Is this the world's smallest Christmas card? Reuters

Parents of pupils attending Belton Lane Primary School received a letter from the school's headteacher which was not received well. Jonathan Mason sent a letter to the parents informing them that the school would not encourage the exchange of Christmas cards this year. Mason claimed that the initiative was suggested by children who were worried about the environmental impact of the greeting card industry. Parents called the decision hypocritical and "Grinch-like".

In the letter sent to 275 pupils' parents, Mason pointed out the impact of Christmas cards on the environment. Mason started the letter by stating that children had spoken to him about the wasteful tradition of exchanging Christmas cards.

The letter claimed that if the Christmas cards exchanged globally each year were placed next to each other, they would cover the Earth's circumference 500 times. Mason also stated that the manufacture of the cards added to the alarmingly high carbon emissions of the world.

Christmas Card
Primary school headteacher criticised for banning Christmas card exchange. Rosie Greenway/Getty Images

The school would be breaking a 170-year old tradition by not having the post box for children to drop off their Christmas cards. However, Mason did not entirely deny the children the right to get Christmas cards. He instructed the parents to send the children with a common Christmas card for the whole class. Instead of giving each classmate a card, children would give their teacher the common card which they would display in the classroom.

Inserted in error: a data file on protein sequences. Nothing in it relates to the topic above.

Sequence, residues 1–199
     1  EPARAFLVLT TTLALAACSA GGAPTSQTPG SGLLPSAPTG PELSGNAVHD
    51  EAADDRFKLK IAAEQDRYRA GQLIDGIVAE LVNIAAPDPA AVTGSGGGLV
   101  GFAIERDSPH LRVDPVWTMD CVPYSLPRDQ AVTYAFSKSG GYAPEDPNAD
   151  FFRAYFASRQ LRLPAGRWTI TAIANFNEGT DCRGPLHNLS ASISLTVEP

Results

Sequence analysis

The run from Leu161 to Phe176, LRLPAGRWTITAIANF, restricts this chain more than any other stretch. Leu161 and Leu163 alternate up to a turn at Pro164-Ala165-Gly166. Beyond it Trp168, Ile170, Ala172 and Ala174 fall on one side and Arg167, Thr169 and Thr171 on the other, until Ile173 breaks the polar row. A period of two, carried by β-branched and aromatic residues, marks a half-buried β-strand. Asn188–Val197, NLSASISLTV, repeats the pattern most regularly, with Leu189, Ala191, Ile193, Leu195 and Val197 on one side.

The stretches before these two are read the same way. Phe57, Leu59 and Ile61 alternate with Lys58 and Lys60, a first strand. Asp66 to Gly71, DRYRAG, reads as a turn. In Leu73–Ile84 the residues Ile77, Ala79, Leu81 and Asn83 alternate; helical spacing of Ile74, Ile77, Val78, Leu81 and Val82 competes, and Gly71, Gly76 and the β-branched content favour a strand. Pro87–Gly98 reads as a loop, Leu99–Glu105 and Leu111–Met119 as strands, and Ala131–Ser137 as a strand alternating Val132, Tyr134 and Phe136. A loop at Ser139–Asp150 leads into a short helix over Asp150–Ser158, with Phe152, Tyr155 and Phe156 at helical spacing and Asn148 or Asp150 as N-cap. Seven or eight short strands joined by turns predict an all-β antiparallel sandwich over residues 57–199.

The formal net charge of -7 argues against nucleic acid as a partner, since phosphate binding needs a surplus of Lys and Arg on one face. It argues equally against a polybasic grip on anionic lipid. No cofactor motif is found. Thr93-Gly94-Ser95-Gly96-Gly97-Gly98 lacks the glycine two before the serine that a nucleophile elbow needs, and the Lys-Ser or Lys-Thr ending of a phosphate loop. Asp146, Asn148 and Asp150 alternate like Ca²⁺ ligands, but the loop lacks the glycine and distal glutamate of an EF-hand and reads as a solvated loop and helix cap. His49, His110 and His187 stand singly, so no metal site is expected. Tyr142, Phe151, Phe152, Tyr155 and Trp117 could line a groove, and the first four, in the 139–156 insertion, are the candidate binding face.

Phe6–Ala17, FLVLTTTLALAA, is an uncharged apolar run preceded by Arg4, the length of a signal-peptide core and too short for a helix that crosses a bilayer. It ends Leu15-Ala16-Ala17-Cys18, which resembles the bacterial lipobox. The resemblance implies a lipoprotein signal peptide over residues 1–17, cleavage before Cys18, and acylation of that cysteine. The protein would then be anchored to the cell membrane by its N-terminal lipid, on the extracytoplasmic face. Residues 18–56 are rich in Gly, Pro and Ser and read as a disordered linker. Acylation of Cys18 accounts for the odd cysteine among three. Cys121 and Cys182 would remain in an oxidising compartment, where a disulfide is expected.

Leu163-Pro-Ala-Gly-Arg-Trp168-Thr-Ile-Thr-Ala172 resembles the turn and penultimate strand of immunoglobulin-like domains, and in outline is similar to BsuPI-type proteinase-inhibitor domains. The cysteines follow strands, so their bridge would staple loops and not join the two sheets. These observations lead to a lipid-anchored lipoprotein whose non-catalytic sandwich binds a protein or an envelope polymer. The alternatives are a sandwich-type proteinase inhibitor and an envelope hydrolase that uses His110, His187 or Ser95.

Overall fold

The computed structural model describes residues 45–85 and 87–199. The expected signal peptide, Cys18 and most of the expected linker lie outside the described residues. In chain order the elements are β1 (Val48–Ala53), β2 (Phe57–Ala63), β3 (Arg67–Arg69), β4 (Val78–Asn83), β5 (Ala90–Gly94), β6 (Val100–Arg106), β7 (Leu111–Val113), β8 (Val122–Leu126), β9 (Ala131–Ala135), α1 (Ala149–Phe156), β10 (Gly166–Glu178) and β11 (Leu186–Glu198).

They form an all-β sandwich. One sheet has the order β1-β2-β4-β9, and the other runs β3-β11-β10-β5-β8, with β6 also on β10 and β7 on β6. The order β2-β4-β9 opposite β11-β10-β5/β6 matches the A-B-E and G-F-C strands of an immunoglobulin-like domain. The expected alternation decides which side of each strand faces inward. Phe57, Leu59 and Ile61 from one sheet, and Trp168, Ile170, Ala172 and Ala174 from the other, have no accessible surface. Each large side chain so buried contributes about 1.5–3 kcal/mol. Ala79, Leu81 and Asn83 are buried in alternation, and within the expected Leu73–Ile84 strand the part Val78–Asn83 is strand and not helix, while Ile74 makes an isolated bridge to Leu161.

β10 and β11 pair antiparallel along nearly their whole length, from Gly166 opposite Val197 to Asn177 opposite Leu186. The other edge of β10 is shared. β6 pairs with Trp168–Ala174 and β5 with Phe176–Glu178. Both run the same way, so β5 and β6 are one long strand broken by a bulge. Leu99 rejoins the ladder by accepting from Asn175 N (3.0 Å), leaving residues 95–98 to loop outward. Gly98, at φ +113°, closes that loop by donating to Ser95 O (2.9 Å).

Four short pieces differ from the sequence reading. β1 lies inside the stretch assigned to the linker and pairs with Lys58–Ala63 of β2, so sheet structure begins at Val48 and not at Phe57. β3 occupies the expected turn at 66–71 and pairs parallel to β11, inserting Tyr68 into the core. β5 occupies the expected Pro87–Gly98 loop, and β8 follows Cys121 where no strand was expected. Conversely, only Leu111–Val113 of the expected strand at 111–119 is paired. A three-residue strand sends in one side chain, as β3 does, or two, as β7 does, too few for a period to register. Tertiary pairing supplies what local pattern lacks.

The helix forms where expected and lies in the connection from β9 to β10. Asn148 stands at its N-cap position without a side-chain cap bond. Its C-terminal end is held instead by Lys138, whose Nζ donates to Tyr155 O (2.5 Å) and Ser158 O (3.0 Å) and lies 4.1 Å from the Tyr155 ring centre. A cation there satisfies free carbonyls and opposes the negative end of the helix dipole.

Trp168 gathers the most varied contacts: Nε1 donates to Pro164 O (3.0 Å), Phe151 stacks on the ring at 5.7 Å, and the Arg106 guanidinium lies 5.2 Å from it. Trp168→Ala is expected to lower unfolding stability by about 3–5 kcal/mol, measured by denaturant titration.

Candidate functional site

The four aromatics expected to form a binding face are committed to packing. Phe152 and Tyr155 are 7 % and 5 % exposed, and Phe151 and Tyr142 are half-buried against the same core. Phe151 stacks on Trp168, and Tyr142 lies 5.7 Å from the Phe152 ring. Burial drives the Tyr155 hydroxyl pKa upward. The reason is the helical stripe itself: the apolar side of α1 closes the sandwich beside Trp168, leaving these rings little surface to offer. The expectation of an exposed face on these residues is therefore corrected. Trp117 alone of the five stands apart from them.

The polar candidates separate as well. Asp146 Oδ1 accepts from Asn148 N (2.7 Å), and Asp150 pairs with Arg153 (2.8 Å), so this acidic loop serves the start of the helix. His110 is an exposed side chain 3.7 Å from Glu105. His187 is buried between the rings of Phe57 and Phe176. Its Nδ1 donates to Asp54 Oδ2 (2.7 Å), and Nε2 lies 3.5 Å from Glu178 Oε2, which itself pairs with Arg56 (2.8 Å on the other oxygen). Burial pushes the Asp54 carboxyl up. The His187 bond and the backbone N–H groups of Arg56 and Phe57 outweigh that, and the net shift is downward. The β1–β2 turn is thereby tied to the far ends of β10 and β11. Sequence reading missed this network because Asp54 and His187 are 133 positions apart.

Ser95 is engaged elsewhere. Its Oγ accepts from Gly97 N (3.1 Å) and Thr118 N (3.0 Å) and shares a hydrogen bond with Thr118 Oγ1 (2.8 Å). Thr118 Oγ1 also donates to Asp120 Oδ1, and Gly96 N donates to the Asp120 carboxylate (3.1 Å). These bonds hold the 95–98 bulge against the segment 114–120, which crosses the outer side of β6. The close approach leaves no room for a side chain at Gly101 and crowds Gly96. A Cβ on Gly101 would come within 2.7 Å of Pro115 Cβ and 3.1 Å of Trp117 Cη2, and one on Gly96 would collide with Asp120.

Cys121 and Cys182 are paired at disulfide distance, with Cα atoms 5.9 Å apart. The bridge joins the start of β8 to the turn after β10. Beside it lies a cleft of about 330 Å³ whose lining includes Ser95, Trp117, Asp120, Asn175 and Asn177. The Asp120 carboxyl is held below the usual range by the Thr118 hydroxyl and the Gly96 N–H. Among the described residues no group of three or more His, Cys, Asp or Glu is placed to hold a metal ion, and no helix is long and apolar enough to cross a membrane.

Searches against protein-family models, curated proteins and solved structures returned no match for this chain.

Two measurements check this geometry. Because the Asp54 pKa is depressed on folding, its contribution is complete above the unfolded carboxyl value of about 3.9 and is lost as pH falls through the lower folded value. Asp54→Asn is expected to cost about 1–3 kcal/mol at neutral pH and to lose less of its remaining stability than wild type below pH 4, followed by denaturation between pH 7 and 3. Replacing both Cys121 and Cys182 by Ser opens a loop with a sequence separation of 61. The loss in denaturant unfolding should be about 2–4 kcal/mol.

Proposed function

Though the children might have suggested the environment-friendly Christmas celebration idea, the parents did not share their enthusiasm.

Aggrieved parents told the Daily Mail that the move by the headteacher went against "the Christmas spirit:" Some parents claimed that the cards made their children happy so taking them away was unfair. Some rebellious parents stated that they would not adhere to the ban and would continue the tradition. According to a few parents, Christmas cards are recyclable so the environmental impact of exchanging them has been hyped up by the headteacher.

The fact that Mason had sent out 275 letters riled up some parents even more. They felt that after wasting so much paper instead of messaging or e-mailing parents, the move to ban Christmas cards is highly hypocritical.